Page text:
Clinical Orthopaedics and Related Research ®

A Publication of The Association of Bone and Joint Surgeons ®

Infection 116 articles

Articles

The Alpha-defensin Test for Periprosthetic Joint Infection Outperforms the Leukocyte Esterase Test Strip

Carl Deirmengian MD, Keith Kardos PhD, Patrick Kilmartin MS, Alexander Cameron BS, Kevin Schiller BS, Robert E. Booth MD, Javad Parvizi MD, FRCS

Synovial fluid biomarkers have demonstrated diagnostic accuracy surpassing the currently used diagnostic tests for periprosthetic joint infection (PJI).

Is Potential Malnutrition Associated With Septic Failure and Acute Infection After Revision Total Joint Arthroplasty?

Paul H. Yi MD, Rachel M. Frank MD, Elliott Vann MD, Kevin A. Sonn MD, Mario Moric MS, Craig J. Della Valle MD

Although malnutrition has been hypothesized to increase the risk of periprosthetic joint infection (PJI), strong evidence linking the two is lacking.

Systemic Inflammatory Markers and Aspiration Cell Count May Not Differentiate Bacterial From Fungal Prosthetic Infections

Colten D. Bracken BS, Elie F. Berbari MD, Arlen D. Hanssen MD, Tad M. Mabry MD, Douglas R. Osmon MD, Rafael J. Sierra MD

Fungal periprosthetic joint infections (PJIs) are rare. Fewer than 200 cases have been reported in the literature. The characteristics of systemic inflammatory markers and joint aspirate cell count analysis obtained in patients with fungal PJIs have not been fully assessed. The ability to diagnose involvement of fungal PJI preoperatively may optimize the surgical and medical management of these patients.

Sonication of Antibiotic Spacers Predicts Failure during Two-stage Revision for Prosthetic Knee and Hip Infections

Charles L. Nelson MD, Robert B. Jones MD, Nathaniel C. Wingert MD, Michael Foltzer MD, Thomas R. Bowen MD

Periprosthetic joint infection is a leading cause of failure after two-stage reimplantation. One cause of relapse may be persistent subclinical infection. Difficulty exists in detecting biofilm-forming infections. Sonication disrupts biofilm and has led to higher rates of positive intraoperative cultures.

Does Implant Coating With Antibacterial-Loaded Hydrogel Reduce Bacterial Colonization and Biofilm Formation in Vitro?

Lorenzo Drago PhD, Willemijn Boot MSc, Kostantinos Dimas PhD, Kostantinos Malizos PhD, Gertrud M. Hänsch PhD, Jos Stuyck PhD, Debby Gawlitta PhD, Carlo L. Romanò MD

Implant-related infections represent one of the most severe complications in orthopaedics. A fast-resorbable, antibacterial-loaded hydrogel may reduce or prevent bacterial colonization and biofilm formation of implanted biomaterials.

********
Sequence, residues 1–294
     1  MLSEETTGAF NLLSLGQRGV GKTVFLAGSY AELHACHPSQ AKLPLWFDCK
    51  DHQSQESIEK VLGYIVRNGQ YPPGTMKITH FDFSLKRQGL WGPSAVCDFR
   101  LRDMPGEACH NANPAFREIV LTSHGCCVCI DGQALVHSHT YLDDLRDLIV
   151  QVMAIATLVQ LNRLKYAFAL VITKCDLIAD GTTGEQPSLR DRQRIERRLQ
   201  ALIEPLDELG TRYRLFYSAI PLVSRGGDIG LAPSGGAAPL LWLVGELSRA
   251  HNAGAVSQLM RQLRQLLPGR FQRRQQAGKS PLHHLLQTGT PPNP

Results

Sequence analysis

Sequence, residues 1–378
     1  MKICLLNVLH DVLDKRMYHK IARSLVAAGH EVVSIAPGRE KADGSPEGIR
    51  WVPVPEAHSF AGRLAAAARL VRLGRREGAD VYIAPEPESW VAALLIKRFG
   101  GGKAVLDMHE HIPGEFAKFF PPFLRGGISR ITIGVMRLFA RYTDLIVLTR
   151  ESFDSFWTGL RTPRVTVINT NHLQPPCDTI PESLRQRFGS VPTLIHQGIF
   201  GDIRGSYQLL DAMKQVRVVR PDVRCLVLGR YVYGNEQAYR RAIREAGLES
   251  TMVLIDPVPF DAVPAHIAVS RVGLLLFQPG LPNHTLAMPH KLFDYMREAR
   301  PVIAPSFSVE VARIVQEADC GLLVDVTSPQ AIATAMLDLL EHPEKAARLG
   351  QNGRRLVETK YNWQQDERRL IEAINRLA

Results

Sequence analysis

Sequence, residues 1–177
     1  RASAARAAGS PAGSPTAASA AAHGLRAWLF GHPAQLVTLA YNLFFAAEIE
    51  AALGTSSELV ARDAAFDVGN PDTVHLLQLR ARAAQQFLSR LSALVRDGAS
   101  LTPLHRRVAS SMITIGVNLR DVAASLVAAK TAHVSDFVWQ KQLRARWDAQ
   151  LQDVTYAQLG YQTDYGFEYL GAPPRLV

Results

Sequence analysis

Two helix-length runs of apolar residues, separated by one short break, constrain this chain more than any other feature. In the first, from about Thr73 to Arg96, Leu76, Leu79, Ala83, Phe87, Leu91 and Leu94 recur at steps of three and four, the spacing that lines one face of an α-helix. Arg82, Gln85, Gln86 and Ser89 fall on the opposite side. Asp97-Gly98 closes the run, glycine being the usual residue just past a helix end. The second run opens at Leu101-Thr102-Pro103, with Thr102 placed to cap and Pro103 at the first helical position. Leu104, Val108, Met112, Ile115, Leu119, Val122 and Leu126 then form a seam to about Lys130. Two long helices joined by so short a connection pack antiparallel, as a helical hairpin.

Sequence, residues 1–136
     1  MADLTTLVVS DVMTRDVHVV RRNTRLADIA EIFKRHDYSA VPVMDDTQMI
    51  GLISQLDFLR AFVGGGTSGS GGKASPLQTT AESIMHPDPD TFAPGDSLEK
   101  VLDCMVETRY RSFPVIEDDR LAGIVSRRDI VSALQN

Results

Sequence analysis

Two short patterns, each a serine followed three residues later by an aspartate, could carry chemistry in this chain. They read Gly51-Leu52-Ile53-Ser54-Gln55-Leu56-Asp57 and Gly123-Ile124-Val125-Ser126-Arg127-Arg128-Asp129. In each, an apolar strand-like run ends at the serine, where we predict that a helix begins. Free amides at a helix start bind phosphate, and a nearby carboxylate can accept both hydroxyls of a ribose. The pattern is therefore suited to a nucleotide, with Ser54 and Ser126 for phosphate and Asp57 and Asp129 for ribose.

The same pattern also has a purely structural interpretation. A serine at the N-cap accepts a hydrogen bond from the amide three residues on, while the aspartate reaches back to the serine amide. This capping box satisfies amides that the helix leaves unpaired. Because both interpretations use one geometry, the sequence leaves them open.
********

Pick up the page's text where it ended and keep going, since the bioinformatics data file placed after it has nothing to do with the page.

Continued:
Biofilm Growth Has a Threshold Response to Glucose in Vitro

Robert Waldrop MD, Alex McLaren MD, Francis Calara BSE, Ryan McLemore PhD

Hyperglycemia is a risk factor for nosocomial infections with known host effects. Increased glucose levels also increase pathogenicity of infecting microbes through greater biofilm formation. The dose response of biofilm formation to glucose concentration is not known.

Performance Characteristics of Broth-only Cultures After Revision Total Joint Arthroplasty

Eric B. Smith MD, Jenny Cai BS, Rachael Wynne RN, Mitchell Maltenfort PhD, Robert P. Good MD

Surgeons frequently obtain intraoperative cultures at the time of revision total joint arthroplasty. The use of broth or liquid medium before applying the sample to the agar medium may be associated with contamination and false-positive cultures; however, the degree to which this is the case is not known.

Antimicrobial Distribution From Local Delivery Depends on Dose

Alex McLaren MD, Morgan B. Giers PhD, James Fraser MD, MPH, Luke Hosack MD, Michael R. Caplan PhD, Ryan McLemore PhD

Tissue distribution after local delivery has been quantified over a period of 5 hours on 7-T MRI in a rabbit model using gadolinium-labeled diethylenetriamine pentaacetic acid (Gd-DTPA) as an antimicrobial surrogate; however, it is unknown how the Gd-DTPA load in a local depot will affect the duration of high-concentration Gd-DTPA in local tissues after surgical débridement.

Diagnosis of Periprosthetic Joint Infection in Medicare Patients: Multicriteria Decision Analysis

Claudio Diaz-Ledezma MD, Paul M. Lichstein MD, MS, James G. Dolan MD, Javad Parvizi MD, FRCS

In the setting of finite healthcare resources, developing cost-efficient strategies for periprosthetic joint infection (PJI) diagnosis is paramount. The current levels of knowledge allow for PJI diagnostic recommendations based on scientific evidence but do not consider the benefits, opportunities, costs, and risks of the different diagnostic alternatives.

Industrially Prefabricated Cement Spacers: Do Vancomycin- and Gentamicin-impregnated Spacers Offer Any Advantage?

Pablo S. Corona MD, Victor Barro MD, Marye Mendez MD, Enric Cáceres PhD, Xavier Flores MD

Industrially preformed antibiotic-loaded cement spacers are useful to facilitate the second stage of two-stage exchange arthroplasty for infected THAs and TKAs. However, whether gentamicin alone or a combination of antibiotics (such as vancomycin and gentamicin) is more effective is not known.